In conclusion, I would encourage directors of our neohumanist schools across the globe to initiate discussions with their staff, in which they were not preaching at them and trying to change them, but rather recognizing them as fellow travelers on the path to realization. Take the time to seek their valuable opinions and expertise in the culture in which they are teaching. Together plan or alter programs to fit in alignment with a set of shared values which is co-created by all stakeholders in the school, and which then become part of the school’s motto and is displayed visibly around the school.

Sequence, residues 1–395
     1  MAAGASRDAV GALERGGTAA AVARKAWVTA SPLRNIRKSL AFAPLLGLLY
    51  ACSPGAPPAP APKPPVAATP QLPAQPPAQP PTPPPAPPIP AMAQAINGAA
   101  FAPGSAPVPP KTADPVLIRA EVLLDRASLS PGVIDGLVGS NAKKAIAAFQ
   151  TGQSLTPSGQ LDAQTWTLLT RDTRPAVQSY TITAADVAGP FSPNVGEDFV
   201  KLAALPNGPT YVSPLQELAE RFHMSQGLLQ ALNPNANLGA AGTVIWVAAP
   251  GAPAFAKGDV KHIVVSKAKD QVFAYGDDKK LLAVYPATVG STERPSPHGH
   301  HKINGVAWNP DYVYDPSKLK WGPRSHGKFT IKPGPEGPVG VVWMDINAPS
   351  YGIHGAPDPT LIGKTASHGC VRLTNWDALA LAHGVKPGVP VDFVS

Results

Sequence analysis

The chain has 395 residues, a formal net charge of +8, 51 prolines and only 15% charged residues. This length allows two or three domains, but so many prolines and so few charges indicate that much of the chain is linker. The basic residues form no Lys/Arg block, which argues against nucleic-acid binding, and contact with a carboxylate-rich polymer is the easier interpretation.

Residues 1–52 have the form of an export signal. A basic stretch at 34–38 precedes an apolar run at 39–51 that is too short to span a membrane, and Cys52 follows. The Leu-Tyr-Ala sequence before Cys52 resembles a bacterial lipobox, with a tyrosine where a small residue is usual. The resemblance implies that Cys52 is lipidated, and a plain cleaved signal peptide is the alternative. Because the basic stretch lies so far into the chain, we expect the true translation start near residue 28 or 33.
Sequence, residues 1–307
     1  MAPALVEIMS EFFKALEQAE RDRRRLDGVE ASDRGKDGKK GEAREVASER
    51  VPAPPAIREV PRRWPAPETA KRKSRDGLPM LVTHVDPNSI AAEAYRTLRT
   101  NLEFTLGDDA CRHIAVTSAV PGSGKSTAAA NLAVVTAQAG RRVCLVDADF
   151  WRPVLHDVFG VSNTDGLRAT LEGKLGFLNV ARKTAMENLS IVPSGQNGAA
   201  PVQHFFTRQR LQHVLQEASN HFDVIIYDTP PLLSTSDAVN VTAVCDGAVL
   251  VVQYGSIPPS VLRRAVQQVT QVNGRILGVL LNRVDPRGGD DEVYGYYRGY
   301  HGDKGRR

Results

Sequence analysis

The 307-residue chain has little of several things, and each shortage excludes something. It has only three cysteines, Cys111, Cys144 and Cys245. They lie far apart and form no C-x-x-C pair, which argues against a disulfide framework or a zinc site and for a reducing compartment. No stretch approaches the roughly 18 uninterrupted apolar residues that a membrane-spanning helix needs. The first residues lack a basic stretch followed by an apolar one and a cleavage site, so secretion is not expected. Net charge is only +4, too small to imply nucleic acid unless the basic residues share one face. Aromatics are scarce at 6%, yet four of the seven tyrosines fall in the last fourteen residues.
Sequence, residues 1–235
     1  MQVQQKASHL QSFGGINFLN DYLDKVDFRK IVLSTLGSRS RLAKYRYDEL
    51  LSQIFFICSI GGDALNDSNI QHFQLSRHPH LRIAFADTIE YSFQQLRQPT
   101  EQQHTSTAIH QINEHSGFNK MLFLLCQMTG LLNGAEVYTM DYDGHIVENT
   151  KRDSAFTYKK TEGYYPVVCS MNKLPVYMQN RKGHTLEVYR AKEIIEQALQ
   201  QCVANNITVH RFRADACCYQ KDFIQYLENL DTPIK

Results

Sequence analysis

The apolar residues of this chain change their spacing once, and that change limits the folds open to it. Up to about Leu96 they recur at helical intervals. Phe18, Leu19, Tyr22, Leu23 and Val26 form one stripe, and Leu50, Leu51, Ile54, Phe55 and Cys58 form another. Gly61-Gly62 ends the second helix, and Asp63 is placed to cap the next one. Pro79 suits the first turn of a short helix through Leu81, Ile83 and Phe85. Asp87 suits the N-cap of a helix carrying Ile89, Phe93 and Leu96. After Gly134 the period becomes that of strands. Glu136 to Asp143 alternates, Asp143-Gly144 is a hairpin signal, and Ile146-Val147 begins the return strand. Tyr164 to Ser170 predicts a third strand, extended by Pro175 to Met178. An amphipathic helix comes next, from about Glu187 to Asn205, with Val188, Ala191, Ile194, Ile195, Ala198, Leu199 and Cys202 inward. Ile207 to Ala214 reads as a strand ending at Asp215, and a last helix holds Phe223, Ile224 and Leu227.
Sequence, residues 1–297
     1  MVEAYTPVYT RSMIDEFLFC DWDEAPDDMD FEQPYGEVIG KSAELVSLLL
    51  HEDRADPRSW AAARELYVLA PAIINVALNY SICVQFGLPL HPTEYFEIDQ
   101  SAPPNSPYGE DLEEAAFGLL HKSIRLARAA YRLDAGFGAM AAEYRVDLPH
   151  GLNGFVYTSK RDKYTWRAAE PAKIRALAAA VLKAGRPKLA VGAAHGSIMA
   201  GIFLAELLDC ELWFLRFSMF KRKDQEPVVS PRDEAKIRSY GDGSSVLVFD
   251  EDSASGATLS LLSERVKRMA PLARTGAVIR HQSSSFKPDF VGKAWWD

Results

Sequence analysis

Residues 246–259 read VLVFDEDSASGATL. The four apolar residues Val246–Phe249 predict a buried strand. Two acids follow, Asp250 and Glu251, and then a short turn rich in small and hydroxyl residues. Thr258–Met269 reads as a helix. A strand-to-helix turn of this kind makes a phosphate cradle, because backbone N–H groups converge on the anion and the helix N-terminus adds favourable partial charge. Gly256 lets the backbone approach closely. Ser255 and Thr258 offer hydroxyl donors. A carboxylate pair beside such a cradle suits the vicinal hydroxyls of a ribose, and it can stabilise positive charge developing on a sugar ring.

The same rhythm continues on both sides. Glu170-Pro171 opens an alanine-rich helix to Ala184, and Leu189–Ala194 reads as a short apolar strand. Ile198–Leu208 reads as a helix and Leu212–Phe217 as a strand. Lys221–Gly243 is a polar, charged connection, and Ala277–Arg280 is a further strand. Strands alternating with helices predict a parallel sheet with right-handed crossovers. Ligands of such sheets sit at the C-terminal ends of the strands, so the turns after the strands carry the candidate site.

As both an educator and a spiritual aspirant, it is valuable to take time out to reflect on our actions and systems and how they either nurture or conflict with the values we say we espouse. By promoting the type of competition which focuses on improved self-performance, rather than against a competitor, it actually encourages colloboration and co-operative learning, which are surely aspirations for our neo-humanist schools.[i] Dr Tom Verhoff The Role of Competitions in Education, 1997 – http://olympiads.win.tue.nl/ioi/ioi97/ffutwrld/competit.html
[iii] Dr Tom Verhoff The Role of Competitions in Education, 1997
[iv] PR Sarkar, “Tandava and Kaoshikii” – The Awakening of Women [a compilation] [v] PR Sarkar, Ananda Vanii – Ánanda Púrnimá 1989